Francis Picabia was born in Paris of a French mother and a Cuban father who was an attaché at the Cuban legation in Paris. His mother died of tuberculosis when he was seven. Some sources would have his father as of aristocratic Spanish descent, whereas others consider him of non-aristocratic Spanish descent, from the region of Galicia. Financially independent, Picabia studied under Fernand Cormon and others at the École des Arts Decoratifs in the late 1890s.
In 1894, Picabia financed his stamp collection by copying a collection of Spanish paintings that belonged to his father, switching the originals for the copies, without his father's knowledge, and selling the originals. Fernand Cormon took him into his academy at 104 boulevard de Clichy, where Van Gogh and Toulouse-Lautrec had also studied. From the age of 20, he lived by painting; he subsequently inherited money from his mother.
In the beginning of his career, from 1903 to 1908, Picabia was influenced by the Impressionist paintings of Alfred Sisley. Little churches, lanes, roofs of Paris, riverbanks, wash houses, lanes, barges—these were his subject matter. Some however, began to question his sincerity and said he copied Sisley, or that his cathedrals looked like Monet, or that he painted like Signac. From 1909, he came under the influence of those that would soon be called Cubists and later form the Golden Section (Section d'Or). The same year, he married Gabrielle Buffet.
Around 1911 Picabia joined the Puteaux Group, members of which he met at the studio of Jacques Villon in Puteaux; a commune in the western suburbs of Paris. There he became friends with artist Marcel Duchamp and close friends with Guillaume Apollinaire. Other group members included Albert Gleizes, Roger de La Fresnaye, Fernand Léger and Jean Metzinger.
Picabia was the only member of the Cubist group to personally attend the Armory Show, and Alfred Stieglitz gave him a solo show, Exhibition of New York studies by Francis Picabia, at his gallery 291 (formerly Little Galleries of the Photo-Secession), March 17 - April 5, 1913.
From 1913 to 1915 Picabia traveled to New York City several times and took active part in the avant-garde movements, introducing Modern art to America. When he landed in New York in June 1915, though it was ostensibly meant to be a simple port of call en route to Cuba to buy molasses for a friend of his—the director of a sugar refinery—the city snapped him up and the stay became prolonged.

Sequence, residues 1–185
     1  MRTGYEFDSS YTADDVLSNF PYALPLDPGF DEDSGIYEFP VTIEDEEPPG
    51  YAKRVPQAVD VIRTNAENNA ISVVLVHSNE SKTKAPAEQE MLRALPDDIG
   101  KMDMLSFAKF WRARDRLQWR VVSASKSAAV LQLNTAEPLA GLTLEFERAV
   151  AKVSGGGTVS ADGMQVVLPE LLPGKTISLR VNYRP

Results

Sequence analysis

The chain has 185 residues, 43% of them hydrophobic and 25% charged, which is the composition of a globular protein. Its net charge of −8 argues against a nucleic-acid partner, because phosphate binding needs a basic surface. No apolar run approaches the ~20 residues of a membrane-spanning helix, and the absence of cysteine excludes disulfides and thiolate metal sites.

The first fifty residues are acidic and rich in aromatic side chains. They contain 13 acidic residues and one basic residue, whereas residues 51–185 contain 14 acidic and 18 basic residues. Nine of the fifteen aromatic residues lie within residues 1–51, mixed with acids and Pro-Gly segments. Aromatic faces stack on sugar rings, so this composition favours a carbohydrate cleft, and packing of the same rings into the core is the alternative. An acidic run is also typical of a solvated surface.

The magazine 291 devoted an entire issue to him, he met Man Ray, Gabrielle and Duchamp joined him, drugs and alcohol became a problem and his health declined. He suffered from dropsy and tachycardia. These years can be characterized as Picabia's proto-Dada period, consisting mainly of his portraits mécaniques.
Later, in 1916, while in Barcelona and within a small circle of refugee artists that included Marie Laurencin, Olga Sacharoff, Robert Delaunay and Sonia Delaunay, he started his well-known Dada periodical 391, modeled on Stieglitz's own periodical. He continued the periodical with the help of Marcel Duchamp in the United States. In Zurich, seeking treatment for depression and suicidal impulses, he had met Tristan Tzara, whose radical ideas thrilled Picabia. Back in Paris, and now with his mistress Germaine Everling, he was in the city of "les assises dada" where André Breton, Paul Éluard, Philippe Soupault and Louis Aragon met at Certa, a Basque bar in the Passage de l'Opera. Picabia, the provocateur, was back home.
Picabia continued his involvement in the Dada movement through 1919 in Zürich and Paris, before breaking away from it after developing an interest in Surrealist art. (See Cannibale, 1921.) He denounced Dada in 1921, and issued a personal attack against Breton in the final issue of 391, in 1924.
The same year, he put in an appearance in the René Clair surrealist film Entr'acte, firing a cannon from a rooftop. The film served as an intermission piece for Picabia's avant-garde ballet, Relâche, premiered at the Théâtre des Champs-Élysées, with music by Erik Satie.
In 1922, André Breton relaunched Littérature magazine with cover images by Picabia, to whom he gave carte blanche for each issue. Picabia drew on religious imagery, erotic iconography, and the iconography of games of chance.
In 1925, Picabia returned to figurative painting, and during the 1930s became a close friend of the modernist novelist Gertrude Stein. In the early 1940s he moved to the South of France, where his work took a surprising turn: he produced a series of paintings based on the nude glamour photos in French "girlie" magazines like Paris Sex-Appeal, in a garish style which appears to subvert traditional, academic nude painting. Some of these went to an Algerian merchant who sold them, and so it passed that Picabia came to decorate brothels across North Africa under the Occupation.
Before the end of World War II, he returned to Paris where he resumed abstract painting and writing poetry. A large retrospective of his work was held at the Galerie René Drouin in Paris in the spring of 1949. Francis Picabia died in Paris in 1953 and was interred in the Cimetière de Montmartre.
Public collections holding works by Picabia include the Museum of Modern Art and Solomon R. Guggenheim Museum in New York; the Philadelphia Museum of Art; the Art Institute of Chicago; the Tate Gallery, London; the Musée National d'Art Moderne, Paris; and Museum de Fundatie, Zwolle, Netherlands.
From 21 November 2016 through 19 March 2017, the first retrospective of Picabia's work in the United States, Francis Picabia: Our Heads Are Round so Our Thoughts Can Change Direction, took place at the Museum of Modern Art, New York.
In 2003, a Picabia painting once owned by André Breton sold for US$1.6 million.
Among the artists influenced by Picabia's work are the American artists David Salle and Julian Schnabel, the German artist Sigmar Polke and the Italian artist Francesco Clemente.